Virginia Tech Trails Other Schools In Number Of Female Engineering Grads.

 November 07, 2016

The Roanoke (VA) Times (11/6) profiles Anna Ross, a Virginia Tech industrial and systems engineering student who never considered studying science or engineering until she discovered an unsuspected talent for higher math in high school. When she aced her AP calculus exam, “suddenly the notion that the subject wasn’t for girls just didn’t add up.” Ross is “outnumbered in her major — there are 222 females to 482 males” in her major program, though “her major is one of the more gender diverse in the college of engineering.” The piece reports that women earned 18% of Virginia Tech engineering bachelor’s degrees last year, compared with “schools like University of Virginia (33 percent), Georgia Tech (26 percent) and Virginia Commonwealth University (24 percent).”

Professor Discusses How to Get Women Into Engineering.

 October 18, 2016

In a more than 1,400-word U.S. News & World Report  (10/17) piece republished with permission from The Conversation, Carolyn Conner Seepersad, an associate professor of mechanical engineering at the University of Texas at Austin, asks “how can we get more women into engineering fields, and help them stay for their whole careers?” According to experts, Seepersad says, “we need to encourage young girls to develop their spatial skills” and “find ways to help women feel less alone as they help us build a more inclusive engineering community.” She concludes that “when we begin to tell multifaceted stories...we find that a much larger and more diverse set of students identify” as engineers.

Girl Scouts CEO Wants Girls To Learn To Code.

 October 18, 2016

CNBC  (10/17) profiles Sylvia Acevedo, a Stanford university engineering graduate and White House commissioner on the Presidential Initiative for Hispanic Educational Excellence, who is also the interim CEO of Girl Scouts, “said she aims for Girl Scouts to not only instill the mission of leadership into girls, but to become more technology-focused and teach how to code.” The piece quotes her saying, “It is part of our culture to do technology, to learn how to code, to have hands on projects — whether it’s creating fashionable wearables, or creating robots.”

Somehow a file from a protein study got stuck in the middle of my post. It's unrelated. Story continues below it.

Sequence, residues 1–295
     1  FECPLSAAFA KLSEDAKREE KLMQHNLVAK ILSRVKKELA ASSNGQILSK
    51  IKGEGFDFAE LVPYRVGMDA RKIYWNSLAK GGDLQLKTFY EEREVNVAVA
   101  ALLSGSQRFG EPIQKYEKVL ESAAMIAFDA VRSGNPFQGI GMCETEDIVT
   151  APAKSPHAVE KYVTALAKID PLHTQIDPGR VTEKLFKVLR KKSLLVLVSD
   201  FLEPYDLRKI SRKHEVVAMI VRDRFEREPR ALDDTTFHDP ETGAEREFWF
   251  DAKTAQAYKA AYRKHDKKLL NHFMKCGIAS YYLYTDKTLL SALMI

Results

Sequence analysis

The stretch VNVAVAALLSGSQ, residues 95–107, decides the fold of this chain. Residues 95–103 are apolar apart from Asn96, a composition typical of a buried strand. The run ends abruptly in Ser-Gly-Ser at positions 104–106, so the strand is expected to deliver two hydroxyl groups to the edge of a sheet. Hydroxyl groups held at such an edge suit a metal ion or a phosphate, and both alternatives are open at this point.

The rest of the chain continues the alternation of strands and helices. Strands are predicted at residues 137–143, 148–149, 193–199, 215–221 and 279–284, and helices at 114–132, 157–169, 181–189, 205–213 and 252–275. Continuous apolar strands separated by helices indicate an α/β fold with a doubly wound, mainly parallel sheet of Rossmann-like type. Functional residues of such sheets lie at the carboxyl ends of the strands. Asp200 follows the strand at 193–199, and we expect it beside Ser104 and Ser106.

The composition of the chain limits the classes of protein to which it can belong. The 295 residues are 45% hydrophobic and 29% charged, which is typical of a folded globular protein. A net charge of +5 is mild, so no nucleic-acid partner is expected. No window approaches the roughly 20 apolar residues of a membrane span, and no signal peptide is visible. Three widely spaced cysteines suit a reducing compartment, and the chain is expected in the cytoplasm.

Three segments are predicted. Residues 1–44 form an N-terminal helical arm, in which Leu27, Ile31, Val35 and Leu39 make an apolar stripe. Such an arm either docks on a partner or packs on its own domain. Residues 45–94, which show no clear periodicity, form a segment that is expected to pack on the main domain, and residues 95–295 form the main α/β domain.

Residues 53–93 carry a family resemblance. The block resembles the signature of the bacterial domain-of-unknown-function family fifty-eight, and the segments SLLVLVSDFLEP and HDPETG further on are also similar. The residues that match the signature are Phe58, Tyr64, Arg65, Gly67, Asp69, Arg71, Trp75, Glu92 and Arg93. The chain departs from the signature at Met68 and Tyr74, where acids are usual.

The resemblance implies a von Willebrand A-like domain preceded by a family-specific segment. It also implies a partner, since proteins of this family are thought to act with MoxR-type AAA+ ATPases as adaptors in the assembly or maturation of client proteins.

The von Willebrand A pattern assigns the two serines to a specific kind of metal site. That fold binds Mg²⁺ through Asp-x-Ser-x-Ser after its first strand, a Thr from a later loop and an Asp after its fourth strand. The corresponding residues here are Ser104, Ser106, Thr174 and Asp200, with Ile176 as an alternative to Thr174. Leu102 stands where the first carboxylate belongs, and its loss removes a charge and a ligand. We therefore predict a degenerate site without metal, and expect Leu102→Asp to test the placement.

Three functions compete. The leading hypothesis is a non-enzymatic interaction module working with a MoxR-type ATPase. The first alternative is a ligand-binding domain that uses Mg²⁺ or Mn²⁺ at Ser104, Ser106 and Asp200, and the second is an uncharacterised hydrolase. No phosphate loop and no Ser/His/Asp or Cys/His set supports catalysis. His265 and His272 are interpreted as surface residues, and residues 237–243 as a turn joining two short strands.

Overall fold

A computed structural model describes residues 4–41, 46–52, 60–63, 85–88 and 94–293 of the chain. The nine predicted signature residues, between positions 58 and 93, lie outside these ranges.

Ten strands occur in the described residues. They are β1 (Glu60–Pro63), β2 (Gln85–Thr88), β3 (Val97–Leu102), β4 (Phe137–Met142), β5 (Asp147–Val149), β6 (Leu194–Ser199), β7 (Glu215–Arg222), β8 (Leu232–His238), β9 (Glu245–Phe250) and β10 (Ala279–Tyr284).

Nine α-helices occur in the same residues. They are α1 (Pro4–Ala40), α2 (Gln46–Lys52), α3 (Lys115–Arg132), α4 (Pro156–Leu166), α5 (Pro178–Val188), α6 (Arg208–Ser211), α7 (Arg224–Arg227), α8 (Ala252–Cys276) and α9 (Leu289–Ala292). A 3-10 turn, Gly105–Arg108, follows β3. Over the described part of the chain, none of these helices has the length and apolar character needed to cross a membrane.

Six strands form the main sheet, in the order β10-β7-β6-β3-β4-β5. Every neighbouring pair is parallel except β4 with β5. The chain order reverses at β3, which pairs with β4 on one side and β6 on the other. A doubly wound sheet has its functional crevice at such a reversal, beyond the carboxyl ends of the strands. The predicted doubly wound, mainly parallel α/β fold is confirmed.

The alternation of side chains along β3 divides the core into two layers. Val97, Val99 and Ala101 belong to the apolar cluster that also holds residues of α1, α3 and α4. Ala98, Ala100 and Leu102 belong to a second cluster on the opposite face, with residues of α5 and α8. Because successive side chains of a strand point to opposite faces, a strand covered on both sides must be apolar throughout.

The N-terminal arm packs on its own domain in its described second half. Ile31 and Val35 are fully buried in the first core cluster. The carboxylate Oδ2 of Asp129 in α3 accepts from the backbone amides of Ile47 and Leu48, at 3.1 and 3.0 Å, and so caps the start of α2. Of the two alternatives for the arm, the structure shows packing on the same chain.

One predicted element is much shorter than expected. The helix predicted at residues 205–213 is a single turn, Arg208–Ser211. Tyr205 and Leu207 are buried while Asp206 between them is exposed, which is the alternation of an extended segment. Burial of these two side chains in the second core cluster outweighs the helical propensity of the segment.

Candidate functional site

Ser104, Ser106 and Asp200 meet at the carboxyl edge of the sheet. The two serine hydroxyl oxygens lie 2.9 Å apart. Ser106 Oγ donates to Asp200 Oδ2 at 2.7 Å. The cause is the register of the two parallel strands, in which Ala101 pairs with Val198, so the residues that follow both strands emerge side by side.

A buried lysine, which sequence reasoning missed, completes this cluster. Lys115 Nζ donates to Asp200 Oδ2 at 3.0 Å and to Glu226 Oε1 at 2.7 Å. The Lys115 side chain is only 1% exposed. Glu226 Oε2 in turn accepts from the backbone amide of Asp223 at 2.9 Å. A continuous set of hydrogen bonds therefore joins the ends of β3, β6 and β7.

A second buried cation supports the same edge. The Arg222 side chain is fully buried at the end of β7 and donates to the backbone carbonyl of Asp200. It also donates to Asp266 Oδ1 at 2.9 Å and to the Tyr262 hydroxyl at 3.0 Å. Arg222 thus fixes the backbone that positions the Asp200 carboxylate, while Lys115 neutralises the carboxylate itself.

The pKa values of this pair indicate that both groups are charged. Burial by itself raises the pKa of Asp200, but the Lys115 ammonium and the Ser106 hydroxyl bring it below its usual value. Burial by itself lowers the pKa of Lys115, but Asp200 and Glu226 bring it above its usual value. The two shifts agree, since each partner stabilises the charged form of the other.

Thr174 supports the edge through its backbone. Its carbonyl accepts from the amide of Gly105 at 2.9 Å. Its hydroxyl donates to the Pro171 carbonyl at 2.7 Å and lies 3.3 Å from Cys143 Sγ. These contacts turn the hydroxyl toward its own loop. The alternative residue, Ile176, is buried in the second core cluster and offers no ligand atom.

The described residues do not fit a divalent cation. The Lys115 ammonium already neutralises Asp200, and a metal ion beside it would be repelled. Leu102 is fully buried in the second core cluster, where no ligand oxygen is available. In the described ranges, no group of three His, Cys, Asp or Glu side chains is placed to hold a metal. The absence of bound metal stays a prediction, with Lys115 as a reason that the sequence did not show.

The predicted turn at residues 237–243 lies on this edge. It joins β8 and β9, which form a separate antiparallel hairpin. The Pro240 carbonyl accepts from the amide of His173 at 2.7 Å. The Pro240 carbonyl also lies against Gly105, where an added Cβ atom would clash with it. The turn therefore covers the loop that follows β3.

Better Storytelling Will Help Women Get Involved In Engineering.

 October 17, 2016

Carolyn Conner Seepersad, Associate Professor of Mechanical Engineering, University of Texas at Austin, writes in The Conversation (UK) (10/17) that action is needed to encourage more women to enter engineering fields. In addition to building a “more inclusive engineering community” and “highlighting engineering role models who reflect the true diversity of our population,” Seepersad says one of “the simplest and most effective things we can do differently is something as simple as richer storyteller.” The National Academy of Engineering recommends instead of building interest in math and science, focus on “how engineers make an impact on the world and the need for creativity, communication and teamwork in the engineering profession.”

Data Show Wide Range Of Gender Equity In Engineering Degrees At Top Schools.

 September 22, 2016

The Washington Post (9/21, Anderson) reports that while on average, women earn around 20% of all engineering degrees nationwide, “reflecting generations of male dominance in the field.” Nevertheless, women “earned a majority of bachelor’s degrees in engineering in 2015 at two private schools with sizable programs,” the Franklin W. Olin College of Engineering and MIT. At several other top programs, that figure was in the 40 percent range. The article touches on the impact of the #LookLikeAnEngineer movement, and explores gender diversity efforts at engineering programs at major schools.

Page 3 of 60